How does myeloma begin? This was one of the first topics discussed at the recent International Myeloma Society meeting held last week in Athens, Greece. Several speakers addressed this topic and why it is so important to answer this vital question.
Faith Davies, MD of NYU Langone, shared that learning more about the myeloma cell itself and the changes that happen in the immune system can lead to earlier treatment that might help patients avoid traditional myeloma therapy altogether.
Different Myeloma in Different Parts of the Body
In her presentation, Dr. Davies showed how different genetic types of myeloma can be found in the body in different places. Even though some of the locations in the body share some genetic features, as the cells adapt to their new environment, each environment is different, creating different development of the myeloma over time in various parts of the body.
How Myeloma Begins and Evolves
- A genetic event happens. This can include gene translocations, where part of one gene swaps with another gene. Then copy number changes occur and other mutations occur.
- The first event happens in the second or third decade of a patient's life. Eight mutational signatures have been identified.
- Complex variants occur later in the process.
Leif Bergsagel, MD of Mayo Clinic, Scottsdale, shared that while normal myeloma cells are mature plasma cells, early undeveloped myeloma “stem cells” are the most likely cause of relapse. These stem cells were identified as early as 1968 by Dr. Bergsagel's father. Mature myeloma cells cannot replicate, while myeloma stem cells can. When patients are treated with myeloma therapy, the treatment kills the mature cells but not the stem cells.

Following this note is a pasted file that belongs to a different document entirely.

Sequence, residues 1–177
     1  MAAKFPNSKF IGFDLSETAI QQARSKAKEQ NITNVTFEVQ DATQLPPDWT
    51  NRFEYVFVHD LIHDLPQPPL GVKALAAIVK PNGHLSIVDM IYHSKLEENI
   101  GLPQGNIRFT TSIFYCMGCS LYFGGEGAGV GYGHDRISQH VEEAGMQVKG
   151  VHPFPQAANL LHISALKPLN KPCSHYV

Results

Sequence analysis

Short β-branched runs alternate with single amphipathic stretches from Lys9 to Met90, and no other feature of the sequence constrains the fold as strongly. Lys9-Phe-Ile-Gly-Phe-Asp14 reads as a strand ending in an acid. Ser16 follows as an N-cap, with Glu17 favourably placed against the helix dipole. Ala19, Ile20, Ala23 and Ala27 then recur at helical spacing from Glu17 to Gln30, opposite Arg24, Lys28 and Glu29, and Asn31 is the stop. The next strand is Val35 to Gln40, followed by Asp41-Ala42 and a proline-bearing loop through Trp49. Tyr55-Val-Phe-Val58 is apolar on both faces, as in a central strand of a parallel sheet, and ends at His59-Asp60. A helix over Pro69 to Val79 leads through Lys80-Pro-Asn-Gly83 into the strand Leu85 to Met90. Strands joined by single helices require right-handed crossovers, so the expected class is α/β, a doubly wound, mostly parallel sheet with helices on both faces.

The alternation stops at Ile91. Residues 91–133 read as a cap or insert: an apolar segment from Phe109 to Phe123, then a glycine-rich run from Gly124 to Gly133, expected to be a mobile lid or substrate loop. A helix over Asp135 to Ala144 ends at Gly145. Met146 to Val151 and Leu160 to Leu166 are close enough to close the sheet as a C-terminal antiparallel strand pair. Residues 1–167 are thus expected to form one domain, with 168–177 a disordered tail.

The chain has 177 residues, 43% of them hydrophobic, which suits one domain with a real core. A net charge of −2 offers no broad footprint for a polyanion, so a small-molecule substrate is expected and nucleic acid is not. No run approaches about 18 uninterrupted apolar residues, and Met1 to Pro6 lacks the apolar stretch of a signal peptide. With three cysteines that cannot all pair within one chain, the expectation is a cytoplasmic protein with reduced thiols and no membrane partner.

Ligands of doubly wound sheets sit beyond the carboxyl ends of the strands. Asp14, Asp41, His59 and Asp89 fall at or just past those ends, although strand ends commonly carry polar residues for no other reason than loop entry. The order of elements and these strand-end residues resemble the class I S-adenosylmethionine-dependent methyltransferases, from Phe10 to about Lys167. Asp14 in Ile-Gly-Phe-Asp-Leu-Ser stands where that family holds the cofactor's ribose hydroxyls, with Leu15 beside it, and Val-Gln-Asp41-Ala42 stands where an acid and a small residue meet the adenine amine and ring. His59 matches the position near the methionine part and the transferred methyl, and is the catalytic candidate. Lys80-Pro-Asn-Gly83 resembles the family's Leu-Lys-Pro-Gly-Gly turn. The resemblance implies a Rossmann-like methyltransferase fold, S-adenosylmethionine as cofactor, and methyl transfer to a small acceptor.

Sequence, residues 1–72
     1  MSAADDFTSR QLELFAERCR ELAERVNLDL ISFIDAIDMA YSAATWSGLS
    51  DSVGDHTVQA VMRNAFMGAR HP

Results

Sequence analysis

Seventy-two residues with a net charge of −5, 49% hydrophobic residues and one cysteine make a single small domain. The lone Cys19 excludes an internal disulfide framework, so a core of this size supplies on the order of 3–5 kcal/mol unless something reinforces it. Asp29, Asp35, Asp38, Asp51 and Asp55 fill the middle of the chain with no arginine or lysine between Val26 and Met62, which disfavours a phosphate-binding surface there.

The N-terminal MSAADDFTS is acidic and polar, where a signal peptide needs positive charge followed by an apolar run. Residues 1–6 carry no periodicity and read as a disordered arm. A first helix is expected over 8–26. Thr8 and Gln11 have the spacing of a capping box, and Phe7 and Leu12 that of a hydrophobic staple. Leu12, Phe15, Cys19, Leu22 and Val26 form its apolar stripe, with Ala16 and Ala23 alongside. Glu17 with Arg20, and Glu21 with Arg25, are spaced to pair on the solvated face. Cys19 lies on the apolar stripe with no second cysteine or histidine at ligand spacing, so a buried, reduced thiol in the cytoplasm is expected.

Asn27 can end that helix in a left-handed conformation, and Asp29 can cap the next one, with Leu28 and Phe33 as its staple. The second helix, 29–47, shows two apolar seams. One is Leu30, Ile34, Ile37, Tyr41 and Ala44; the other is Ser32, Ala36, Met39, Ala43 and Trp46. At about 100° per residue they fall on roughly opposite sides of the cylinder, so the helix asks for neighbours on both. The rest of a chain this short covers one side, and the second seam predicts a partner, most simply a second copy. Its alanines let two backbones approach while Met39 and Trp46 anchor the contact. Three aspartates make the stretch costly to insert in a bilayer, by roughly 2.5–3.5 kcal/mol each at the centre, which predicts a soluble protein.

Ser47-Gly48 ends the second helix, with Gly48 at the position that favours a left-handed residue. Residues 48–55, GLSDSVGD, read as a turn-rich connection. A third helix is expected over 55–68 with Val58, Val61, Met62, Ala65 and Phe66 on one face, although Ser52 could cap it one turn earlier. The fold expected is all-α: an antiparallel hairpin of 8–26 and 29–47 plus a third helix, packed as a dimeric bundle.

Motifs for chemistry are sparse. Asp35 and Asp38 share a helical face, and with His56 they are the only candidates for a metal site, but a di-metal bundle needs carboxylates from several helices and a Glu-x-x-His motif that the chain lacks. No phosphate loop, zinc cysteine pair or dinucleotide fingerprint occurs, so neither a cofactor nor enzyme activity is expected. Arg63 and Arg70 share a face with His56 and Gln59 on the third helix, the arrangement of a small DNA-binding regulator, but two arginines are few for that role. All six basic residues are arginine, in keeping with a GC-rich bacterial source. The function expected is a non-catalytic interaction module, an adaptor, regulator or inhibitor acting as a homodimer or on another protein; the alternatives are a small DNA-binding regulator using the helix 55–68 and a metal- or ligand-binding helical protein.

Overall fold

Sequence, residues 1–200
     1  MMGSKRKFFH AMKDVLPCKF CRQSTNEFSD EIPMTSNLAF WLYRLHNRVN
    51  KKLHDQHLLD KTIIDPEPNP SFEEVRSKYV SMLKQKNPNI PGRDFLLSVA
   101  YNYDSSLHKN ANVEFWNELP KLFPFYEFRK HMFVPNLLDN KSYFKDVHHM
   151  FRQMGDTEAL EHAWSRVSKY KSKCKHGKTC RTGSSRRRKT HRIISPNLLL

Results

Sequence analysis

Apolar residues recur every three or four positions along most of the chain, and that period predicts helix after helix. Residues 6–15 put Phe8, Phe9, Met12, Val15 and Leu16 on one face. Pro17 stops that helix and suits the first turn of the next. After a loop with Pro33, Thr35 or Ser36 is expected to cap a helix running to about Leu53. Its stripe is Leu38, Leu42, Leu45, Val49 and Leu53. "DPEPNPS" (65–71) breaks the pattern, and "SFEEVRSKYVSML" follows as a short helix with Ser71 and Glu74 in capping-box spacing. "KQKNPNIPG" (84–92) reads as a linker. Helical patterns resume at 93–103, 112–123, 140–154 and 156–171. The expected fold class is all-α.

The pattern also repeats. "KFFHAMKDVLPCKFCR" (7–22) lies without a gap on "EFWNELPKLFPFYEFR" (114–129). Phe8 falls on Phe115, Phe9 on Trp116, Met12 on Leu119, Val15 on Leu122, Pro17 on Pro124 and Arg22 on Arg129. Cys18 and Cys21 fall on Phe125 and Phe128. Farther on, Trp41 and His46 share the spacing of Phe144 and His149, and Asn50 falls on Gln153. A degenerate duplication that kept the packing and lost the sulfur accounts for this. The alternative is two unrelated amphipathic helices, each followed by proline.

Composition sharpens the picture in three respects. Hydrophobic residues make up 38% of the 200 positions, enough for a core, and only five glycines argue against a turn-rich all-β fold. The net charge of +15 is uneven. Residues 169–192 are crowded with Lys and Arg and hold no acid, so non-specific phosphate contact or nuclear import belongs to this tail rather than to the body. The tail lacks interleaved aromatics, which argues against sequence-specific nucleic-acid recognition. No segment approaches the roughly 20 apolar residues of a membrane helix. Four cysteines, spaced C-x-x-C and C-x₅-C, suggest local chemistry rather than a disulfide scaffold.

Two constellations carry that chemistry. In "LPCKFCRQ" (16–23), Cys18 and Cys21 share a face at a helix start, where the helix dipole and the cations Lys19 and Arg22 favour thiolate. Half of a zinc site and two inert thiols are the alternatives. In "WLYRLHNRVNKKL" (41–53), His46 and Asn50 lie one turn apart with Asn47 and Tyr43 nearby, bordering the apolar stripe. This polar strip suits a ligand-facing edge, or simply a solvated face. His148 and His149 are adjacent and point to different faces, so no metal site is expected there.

Importantly the early stem cells already have mutations that Dr. Bergsagel believes were caused 20-40 years prior to a formal myeloma diagnosis. Myeloma is clearly a disease that has multiple trigger points in its development.
The Role of the Immune System That Allows Myeloma Growth
It's not just the myeloma cells but the status of a patient's immune system that creates further diversity and growth of the myeloma cells. Madhav Dhodapkar, MBBS of Emory University, provided a deep dive into the immune system and its role in myeloma cell growth. Using Gaucher's Disease as an example, he stated that if you can understand the driving factors, you can ultimately change or stop the course of the disease.
He stated that there were bacteria in the gut that acted as potential triggers for inflammation. These and other changes in the immune system originated early, even in an MGUS state with few cells. Those immune cells impacted the outcome and risk of myeloma development. The immune system reactions could be highly variable. Additional factors, like the "talking" between the cells and the bone marrow environment, also can impact the development.
He shared that while all MGUS precedes myeloma, it is not the first step in disease development. As MGUS develops into myeloma, the cells start to cluster together.
More knowledge about the underlying triggers as well as regaining immune system control, will be essential in preventing myeloma.
Why This Matters
If researchers can understand how the mutations occur, how the immune system fails to kill the early cancer cells, and how the disease evolves, earlier treatment could stop the disease before it grows to maturity. This is clearly essential work.
about the author
Myeloma survivor, patient advocate, wife, mom of 6. Believer that patients can help accelerate a cure by weighing in and participating in clinical research. Founder of HealthTree Foundation (formerly Myeloma Crowd).
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